10/01/2012 03:16 pm ET Updated Dec 01, 2012

I Am Not the One

When I consider whom to hire, I am not usually interested in the smartest person in the room. I would much rather hire the second smartest person in the room.

I cringe at discussions of candidates for an opening on the staff that start from the assumption that there is one person alone who is clearly ahead of all others. In rare cases, perhaps that is so. But that indicates more than anything else the pool was not developed well. I believe reframing the inquiry is crucial to creating a community that functions as it should.

Let me put it another way. I was not the most qualified person who applied for the job I happen to hold. I was one credible choice among many possibilities. Different options involved selecting among alternative visions of leadership.

There would have been other reasonable outcomes. And anyone who purports to lead should remember they do not have an exclusive claim on the role they occupy for now.

Research suggests there is not any such person as the single smartest anyway. Howard Gardner has shown there are multiple intelligences. People who are exceptionally strong on one scale are not necessarily equally strong on another scale.

Even without Gardner's theory, which is not without detractors, there are compelling arguments for conceiving of employment searches differently. Moneyball, the book and the movie, persuaded everyone in the sport of baseball and watching from the bleachers that the customary statistics for assessing players, combined with hunches, were not as good as previously unheard-of measurements -- sabermetrics, to use the term never mentioned by Brad Pitt on the silver screen.

Even if we took for granted that there is a smartest person in the room, she is not who we expect her to be. Batting average and home runs per season have alternatives that are demonstrably better in assessing contributions to wins. Among lawyers at the major firms, for example, the top of the class graduate from the most elite schools is not the most likely to become the managing partner. Other factors matter more.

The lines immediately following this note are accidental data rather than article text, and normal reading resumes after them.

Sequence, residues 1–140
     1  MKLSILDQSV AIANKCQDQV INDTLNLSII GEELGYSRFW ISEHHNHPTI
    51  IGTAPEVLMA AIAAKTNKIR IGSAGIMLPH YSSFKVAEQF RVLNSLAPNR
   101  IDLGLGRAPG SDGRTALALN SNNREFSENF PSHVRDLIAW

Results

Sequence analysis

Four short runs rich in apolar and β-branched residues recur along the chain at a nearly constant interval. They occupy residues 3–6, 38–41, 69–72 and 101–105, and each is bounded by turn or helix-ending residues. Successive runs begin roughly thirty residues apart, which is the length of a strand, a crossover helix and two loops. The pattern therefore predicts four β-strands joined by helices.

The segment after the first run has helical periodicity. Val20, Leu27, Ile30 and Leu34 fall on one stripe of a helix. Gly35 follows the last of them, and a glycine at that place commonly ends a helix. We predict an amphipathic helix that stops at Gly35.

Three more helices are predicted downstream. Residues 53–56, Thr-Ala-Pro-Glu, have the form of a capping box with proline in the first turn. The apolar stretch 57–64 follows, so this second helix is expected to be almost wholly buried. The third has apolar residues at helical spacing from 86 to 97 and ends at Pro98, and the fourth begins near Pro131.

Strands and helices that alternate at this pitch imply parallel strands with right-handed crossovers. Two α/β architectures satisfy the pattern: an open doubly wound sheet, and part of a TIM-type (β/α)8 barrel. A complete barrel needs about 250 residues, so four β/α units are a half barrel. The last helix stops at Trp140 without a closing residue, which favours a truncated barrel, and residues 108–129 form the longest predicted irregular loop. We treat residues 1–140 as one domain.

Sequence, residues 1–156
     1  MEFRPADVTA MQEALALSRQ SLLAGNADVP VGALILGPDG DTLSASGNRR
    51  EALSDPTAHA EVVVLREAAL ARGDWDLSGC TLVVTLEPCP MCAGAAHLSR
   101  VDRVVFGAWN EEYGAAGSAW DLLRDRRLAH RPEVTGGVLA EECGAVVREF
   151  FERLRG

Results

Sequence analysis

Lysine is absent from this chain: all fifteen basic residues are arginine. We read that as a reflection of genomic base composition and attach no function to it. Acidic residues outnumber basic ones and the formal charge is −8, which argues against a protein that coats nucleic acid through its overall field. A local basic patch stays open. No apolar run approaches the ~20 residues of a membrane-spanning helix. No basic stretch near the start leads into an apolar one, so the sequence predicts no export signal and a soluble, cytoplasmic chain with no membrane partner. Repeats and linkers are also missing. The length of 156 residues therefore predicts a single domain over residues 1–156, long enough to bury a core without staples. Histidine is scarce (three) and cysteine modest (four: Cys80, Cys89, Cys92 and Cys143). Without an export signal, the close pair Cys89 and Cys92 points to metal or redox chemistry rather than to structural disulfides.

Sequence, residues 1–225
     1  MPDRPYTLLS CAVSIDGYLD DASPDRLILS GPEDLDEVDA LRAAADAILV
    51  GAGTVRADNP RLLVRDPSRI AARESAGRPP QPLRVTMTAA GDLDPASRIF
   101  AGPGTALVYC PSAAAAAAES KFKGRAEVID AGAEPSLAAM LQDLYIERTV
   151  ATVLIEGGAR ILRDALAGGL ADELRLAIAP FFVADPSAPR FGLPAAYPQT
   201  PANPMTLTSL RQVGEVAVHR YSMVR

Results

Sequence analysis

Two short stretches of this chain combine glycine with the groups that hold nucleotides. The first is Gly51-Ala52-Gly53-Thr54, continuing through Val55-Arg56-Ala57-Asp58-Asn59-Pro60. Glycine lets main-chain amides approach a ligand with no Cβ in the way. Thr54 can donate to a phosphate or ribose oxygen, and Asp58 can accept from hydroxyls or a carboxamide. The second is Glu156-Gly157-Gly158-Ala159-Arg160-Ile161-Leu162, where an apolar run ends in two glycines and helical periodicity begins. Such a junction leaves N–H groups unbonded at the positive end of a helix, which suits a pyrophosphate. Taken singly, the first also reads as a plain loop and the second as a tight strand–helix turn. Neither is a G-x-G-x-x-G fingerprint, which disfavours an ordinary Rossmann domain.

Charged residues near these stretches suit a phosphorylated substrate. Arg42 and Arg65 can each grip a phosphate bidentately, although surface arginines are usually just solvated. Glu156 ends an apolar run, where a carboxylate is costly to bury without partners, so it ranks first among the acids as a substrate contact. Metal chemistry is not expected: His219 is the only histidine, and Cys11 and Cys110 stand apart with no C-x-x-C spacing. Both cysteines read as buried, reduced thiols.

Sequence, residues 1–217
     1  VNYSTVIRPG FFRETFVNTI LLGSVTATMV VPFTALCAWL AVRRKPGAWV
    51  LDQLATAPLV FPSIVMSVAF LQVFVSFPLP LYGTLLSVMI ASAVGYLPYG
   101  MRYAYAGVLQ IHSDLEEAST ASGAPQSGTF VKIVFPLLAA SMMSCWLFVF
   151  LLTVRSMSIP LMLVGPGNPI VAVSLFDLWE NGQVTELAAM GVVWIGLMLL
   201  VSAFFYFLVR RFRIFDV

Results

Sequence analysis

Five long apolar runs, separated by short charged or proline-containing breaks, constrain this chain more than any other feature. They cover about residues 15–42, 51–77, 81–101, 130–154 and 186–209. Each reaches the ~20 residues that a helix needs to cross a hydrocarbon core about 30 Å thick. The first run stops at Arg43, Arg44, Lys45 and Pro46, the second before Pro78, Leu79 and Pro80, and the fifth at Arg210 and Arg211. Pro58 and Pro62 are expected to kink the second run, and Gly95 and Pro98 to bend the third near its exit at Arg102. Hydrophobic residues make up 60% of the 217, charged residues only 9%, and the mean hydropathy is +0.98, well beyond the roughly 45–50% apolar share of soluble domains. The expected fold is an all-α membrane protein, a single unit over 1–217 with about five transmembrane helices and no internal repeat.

Suppose it is possible to sort a group of one hundred applicants to find, say, the top five by some single indication of raw brainpower that is general and meaningful. The transaction costs of then defining the "most qualified" among those five for the particular need, much less then identifying who that individual happens to be, aren't worth it.

I figure once you're in the top five, for any purposes I might have in mind you're smart enough. Then other qualities deserve consideration.

Assuming we could rank order everyone, we should not do that based on one characteristic. The intelligent person who has enough self-awareness to realize they might not be innately at the very top is more likely to have a strong work ethic. Indeed, the belief that it is possible to improve is crucial to doing so. Integrity matters too. Etc.

It would be different if I had a job available that was extremely specialized, requiring an employee performing a single task of mental processing in isolation. There are hardly any jobs of that nature. Most roles require at least a modicum of versatility.

Yet inexplicably we increasingly structure our world based on competitions that attempt to compare incommensurables. The dominant paradigm has become "there can be only one," to borrow the tagline of an old science fiction movie that has become a cult classic. Others had their heads cut off in Highlander, starring Christopher Lambert and Sean Connery in a comeback role.

I enjoy television cooking programs, for example. I also like to eat a wide range of cuisines, from Japanese to French to fusion. And when I watch Iron Chef, Top Chef, or any of their imitators, I always wonder how judges believe it possible to compare across cuisines (at least Iron Chef controls that variable more or less), dishes, and palates.

Sure, there are concoctions that are terrible to virtually anyone's tongue. I once read a review of a wine that was described as "feculent," which having looked up in the dictionary, I would guess everyone to be averse to. There also are dishes that are highly likely to be crowd-pleasers, demonstrably so, for biological reasons. But at the high level of not only competence but also creativity that is displayed by the final rounds of the reality show, it is impossible to rank in any true sense -- one's affection for cilantro seems to vary based on genetics. Drama does not depend on objectivity.

I'm not saying I want to assemble either a faculty or staff of idiots. I'm not endorsing the confirmation of Harrold Carswell to the Supreme Court. Nominated by President Richard Nixon, Carswell's unsuccessful bid is remembered for the defense of his record with the following argument by a Senatorial ally: "Even if he were mediocre, there are lot of mediocre judges and people and lawyers. They are entitled to a little representation, aren't they, and a little chance?"

I'm saying that David Halberstam had it right when he wrote his book "The Best and the Brightest." In that account of the Vietnam war, the journalist meant the phrase with irony. In our conventional use of the phrase, we have forgotten that important note.